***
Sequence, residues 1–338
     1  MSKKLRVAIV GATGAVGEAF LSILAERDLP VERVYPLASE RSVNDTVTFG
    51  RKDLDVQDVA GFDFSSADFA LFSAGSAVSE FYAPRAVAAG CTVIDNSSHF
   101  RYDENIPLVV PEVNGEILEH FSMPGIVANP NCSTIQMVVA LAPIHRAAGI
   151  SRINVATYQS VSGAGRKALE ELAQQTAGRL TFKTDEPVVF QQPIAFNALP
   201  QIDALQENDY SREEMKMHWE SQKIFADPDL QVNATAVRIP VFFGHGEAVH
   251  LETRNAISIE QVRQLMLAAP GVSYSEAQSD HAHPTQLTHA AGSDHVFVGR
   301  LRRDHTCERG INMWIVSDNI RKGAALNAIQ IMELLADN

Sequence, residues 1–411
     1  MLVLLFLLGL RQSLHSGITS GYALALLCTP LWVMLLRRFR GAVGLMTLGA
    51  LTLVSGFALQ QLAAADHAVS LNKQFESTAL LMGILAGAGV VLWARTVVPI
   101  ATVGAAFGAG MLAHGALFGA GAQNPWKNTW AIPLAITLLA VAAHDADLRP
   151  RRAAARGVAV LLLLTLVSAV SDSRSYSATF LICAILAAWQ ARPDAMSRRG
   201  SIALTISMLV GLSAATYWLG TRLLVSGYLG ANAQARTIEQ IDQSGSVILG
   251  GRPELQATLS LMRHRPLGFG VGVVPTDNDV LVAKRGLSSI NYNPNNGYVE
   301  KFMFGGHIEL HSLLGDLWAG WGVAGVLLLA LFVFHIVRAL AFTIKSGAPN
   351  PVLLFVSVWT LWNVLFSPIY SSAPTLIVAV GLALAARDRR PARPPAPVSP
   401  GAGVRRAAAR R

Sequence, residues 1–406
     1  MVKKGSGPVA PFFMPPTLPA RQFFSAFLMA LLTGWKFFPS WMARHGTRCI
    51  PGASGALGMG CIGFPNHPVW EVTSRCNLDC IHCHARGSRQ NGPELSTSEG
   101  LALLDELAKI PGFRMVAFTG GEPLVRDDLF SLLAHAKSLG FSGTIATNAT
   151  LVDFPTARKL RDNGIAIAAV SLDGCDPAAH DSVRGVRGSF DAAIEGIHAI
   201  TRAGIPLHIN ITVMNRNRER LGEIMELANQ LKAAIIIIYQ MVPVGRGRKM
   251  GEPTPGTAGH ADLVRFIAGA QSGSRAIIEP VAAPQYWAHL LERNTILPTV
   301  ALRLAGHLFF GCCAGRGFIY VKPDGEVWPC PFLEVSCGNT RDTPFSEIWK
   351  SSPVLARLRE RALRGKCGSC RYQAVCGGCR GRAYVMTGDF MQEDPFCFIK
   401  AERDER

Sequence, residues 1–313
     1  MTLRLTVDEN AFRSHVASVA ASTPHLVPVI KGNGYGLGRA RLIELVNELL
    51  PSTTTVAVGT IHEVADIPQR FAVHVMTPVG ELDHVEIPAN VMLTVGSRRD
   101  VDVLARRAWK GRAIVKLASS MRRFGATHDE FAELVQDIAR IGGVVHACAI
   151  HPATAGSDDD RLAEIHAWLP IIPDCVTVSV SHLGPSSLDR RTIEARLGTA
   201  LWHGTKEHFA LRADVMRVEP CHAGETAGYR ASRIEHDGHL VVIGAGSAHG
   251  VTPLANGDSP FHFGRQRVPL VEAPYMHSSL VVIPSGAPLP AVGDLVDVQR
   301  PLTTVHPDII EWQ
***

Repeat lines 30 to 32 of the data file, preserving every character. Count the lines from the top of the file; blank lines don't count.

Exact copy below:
     1  MTLRLTVDEN AFRSHVASVA ASTPHLVPVI KGNGYGLGRA RLIELVNELL
    51  PSTTTVAVGT IHEVADIPQR FAVHVMTPVG ELDHVEIPAN VMLTVGSRRD
   101  VDVLARRAWK GRAIVKLASS MRRFGATHDE FAELVQDIAR IGGVVHACAI